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3 Phases of Plyometric Training


These days when I walk around my gym I feel like I always see someone jumping over boxes, throwing medicine balls up to the ceiling, or hopping around like a rabbit. When I go over to these people and ask them why they're doing these specific exercises, their plyometricstypical response is either they have a friend that showed this to them or they saw it in on the internet. What they need to understand is that all of the above are variations of plyometric training.

In this week’s blog I would like to explain exactly what plyometric training is, what the three phases of plyometrics are, and point to some evidence-based research showing how plyometric training can help you.

Plyometric training is defined as a quick powerful movement involving an eccentric contraction followed immediately by an explosive concentric contraction.

Phase One

In the first phase of plyometrics (the Eccentric Phase, also referred to as the “loading” or “cocking” phase), energy is stored in the muscle in preparation for the following phase.  

Phase Two

In the second phase of plyometrics (the Amortization Phase), the muscle with the stored energy is stabilized in preparation for the final phase. For optimal performance, this stage is rapid in order to create a more powerful response.

Phase Three

The third and final phase is the Concentric Phase, also referred to as the unloading phase. This phase occurs immediately after the amortization phase which results in the use of the energy stored in that particular muscle. 

"In 2003, Luebbers et al., In a randomized controlled trial with 19 subjects demonstrated that a four week and seven-week plyometric training program enhanced anaerobic power and vertical jump height.

In 2004, Chimera et al., completed a pre-post test control study with 20 healthy Division 1 female athletes, which found that a six week plyometric training program improved hip abductor/abductor coactivation ratios that help control valgus moments at the knee during landing. In addition, the athletes also had significant increase in both sprint speed and vertical jump." 1

As with all training programs, the individual should systematically work themselves up to a level where they can perform plyometric training properly and safely. The individual should have good levels of core strength, flexibility and balance before attempting an extensive plyometric training program.  

Once the above level is attained, the individual will need to overload the muscles to avoid plateau. This can be achieved by jumping greater distances, dropping from further heights, or progressing from two legged to one legged jumps. 

Happy Hopping  :)

1Clark, Micheal, Scott Lucett, and Donald T. Kirkendall. "CHAPTER 8."NASM's Essentials of Sports Performance Training. Philadelphia: Wolters Kluwer/Lippincott Williams & Wilkins, 2010. 208. Print.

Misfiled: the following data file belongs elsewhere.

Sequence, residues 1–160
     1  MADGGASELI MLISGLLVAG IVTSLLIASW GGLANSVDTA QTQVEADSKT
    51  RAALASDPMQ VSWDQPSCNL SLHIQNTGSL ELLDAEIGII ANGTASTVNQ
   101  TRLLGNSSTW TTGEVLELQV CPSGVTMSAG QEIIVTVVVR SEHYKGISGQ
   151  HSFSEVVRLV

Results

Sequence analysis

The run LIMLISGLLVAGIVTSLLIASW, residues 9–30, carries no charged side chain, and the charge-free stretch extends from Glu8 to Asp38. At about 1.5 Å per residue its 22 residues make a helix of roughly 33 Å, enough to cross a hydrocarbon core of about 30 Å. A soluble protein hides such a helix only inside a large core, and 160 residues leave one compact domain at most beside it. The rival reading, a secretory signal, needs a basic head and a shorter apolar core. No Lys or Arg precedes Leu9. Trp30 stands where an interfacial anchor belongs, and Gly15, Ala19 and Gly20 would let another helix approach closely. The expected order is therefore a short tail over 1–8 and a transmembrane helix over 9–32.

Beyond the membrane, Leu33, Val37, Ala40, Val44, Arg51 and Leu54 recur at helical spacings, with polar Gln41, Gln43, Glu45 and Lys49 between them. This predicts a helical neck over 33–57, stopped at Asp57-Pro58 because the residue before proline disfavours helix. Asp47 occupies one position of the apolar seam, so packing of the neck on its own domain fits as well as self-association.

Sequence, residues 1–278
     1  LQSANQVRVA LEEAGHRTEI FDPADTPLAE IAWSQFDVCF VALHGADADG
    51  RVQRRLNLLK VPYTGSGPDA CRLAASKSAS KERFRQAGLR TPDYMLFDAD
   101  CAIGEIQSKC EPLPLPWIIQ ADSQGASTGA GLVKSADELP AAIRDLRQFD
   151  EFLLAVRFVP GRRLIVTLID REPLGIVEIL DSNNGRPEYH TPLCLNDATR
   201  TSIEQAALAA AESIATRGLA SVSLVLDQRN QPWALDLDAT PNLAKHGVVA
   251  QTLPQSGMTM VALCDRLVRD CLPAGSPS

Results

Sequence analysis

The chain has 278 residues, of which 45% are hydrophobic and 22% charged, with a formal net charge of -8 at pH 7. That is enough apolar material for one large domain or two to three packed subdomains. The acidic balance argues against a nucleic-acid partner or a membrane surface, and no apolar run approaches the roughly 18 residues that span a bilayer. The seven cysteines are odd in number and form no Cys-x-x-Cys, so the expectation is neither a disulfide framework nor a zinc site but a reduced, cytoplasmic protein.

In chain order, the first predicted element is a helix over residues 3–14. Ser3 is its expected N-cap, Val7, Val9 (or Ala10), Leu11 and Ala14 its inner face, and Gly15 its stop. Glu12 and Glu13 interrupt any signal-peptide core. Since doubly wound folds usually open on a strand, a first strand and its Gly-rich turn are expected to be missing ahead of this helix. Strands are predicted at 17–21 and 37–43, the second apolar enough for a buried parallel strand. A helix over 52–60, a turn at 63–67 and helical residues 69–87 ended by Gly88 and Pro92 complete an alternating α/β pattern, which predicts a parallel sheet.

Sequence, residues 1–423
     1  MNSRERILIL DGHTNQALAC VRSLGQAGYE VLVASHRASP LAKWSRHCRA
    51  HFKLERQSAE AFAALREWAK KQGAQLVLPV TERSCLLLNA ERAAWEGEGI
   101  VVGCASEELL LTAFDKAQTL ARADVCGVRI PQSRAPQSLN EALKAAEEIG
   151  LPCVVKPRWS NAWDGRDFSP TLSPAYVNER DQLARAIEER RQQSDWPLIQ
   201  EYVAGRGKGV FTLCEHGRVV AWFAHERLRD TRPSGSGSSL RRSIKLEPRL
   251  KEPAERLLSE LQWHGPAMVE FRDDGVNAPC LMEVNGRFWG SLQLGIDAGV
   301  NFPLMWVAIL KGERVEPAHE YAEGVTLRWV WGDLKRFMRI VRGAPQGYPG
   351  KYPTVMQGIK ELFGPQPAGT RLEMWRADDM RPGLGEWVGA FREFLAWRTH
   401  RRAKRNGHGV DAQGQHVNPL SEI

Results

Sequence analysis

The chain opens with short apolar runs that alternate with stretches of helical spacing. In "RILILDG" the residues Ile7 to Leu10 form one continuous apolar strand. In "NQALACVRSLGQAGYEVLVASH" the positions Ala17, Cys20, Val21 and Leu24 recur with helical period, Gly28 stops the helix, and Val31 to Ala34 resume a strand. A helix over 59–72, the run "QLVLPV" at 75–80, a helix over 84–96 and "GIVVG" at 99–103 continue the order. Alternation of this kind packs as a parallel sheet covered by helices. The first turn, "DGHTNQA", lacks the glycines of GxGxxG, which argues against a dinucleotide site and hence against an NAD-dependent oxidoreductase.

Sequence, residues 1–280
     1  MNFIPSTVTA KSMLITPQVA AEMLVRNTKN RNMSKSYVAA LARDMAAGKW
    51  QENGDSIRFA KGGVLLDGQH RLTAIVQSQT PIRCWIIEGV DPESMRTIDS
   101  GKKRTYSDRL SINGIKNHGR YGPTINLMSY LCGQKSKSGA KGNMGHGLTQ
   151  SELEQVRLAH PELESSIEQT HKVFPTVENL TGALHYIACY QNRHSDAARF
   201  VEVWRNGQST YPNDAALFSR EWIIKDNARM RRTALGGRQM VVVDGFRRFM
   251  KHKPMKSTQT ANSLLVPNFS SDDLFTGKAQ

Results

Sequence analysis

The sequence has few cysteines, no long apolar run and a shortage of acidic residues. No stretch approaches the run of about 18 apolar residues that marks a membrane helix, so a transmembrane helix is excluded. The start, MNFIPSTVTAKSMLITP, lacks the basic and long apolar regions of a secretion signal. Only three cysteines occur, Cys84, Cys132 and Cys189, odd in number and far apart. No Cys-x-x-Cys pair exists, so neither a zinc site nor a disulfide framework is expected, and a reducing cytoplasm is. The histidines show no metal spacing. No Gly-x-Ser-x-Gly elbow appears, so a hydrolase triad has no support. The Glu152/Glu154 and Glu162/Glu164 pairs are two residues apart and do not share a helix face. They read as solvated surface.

Please consult your physician before staring any exercise regimen. The information presented in this article is in no way intended as medical advice or as a substitute for medical treatment.

Clark, Micheal, Scott Lucett, and Donald T. Kirkendall. "CHAPTER 8." NASM's Essentials of Sports Performance Training. Philadelphia: Wolters Kluwer/Lippincott Williams & Wilkins, 2010. 208. Print.


Love the article. What advice can you gicve to someone with bad knees (ACL reconstruction). Plymetrics are very hard to do properly when the knees feel like they will not support the load of the exercise. is there a modification to these exercises that you can reccomend? Thank you.
Posted @ Monday, December 17, 2012 10:41 AM by Michael Tenebruso
Thanks Mike! Without going to in depth on blog site, I would try Dumbell Bench Step Ups, Ladder work (nylon ladders on floor doing various patterns in and out of spaces), and some Bosu work.
Posted @ Tuesday, December 18, 2012 5:22 PM by Marc Siegel
Nicely written Marc. Very informative. I've done plyometrics for years...didn't realize how in depth it gets.
Posted @ Thursday, December 20, 2012 1:34 PM by Eric
Very good article Marc! I love plyometrics.
Posted @ Wednesday, January 02, 2013 8:34 AM by Andre
Nice article. Just wondering if Plyometrics are recommended for all ages and fitness levels. I have been doing some Plyometrics as part of the Insanity program and wasn't sure if I am setting myself up for knee issues later in life by doing all of the jumps.
Posted @ Thursday, January 03, 2013 5:48 PM by Dan Carroll
@ Eric , thank you... @ Andre, thank you... @ Dan, That is a very tough questions answer. In my opinion to much of anything can be harmful even plyometrics. I have a corrective exercise specialist license that deals with injuries of ankles, knees, hips, back, shoulder and spine... Unfortunately I do treat people that have hurt themselves doing plyometrics... Now the question was where they doing it improperly, where they doing too much of it ? ...very important variables... I currently train individuals ranging from 22 to 60 using plyometrics. Hope that helps thanks for the comments
Posted @ Tuesday, January 08, 2013 11:56 AM by Marc Siegel
Will def add plyo to my weight training routine. Thanks Marc for the great info!!!
Posted @ Wednesday, February 27, 2013 9:47 PM by Helen
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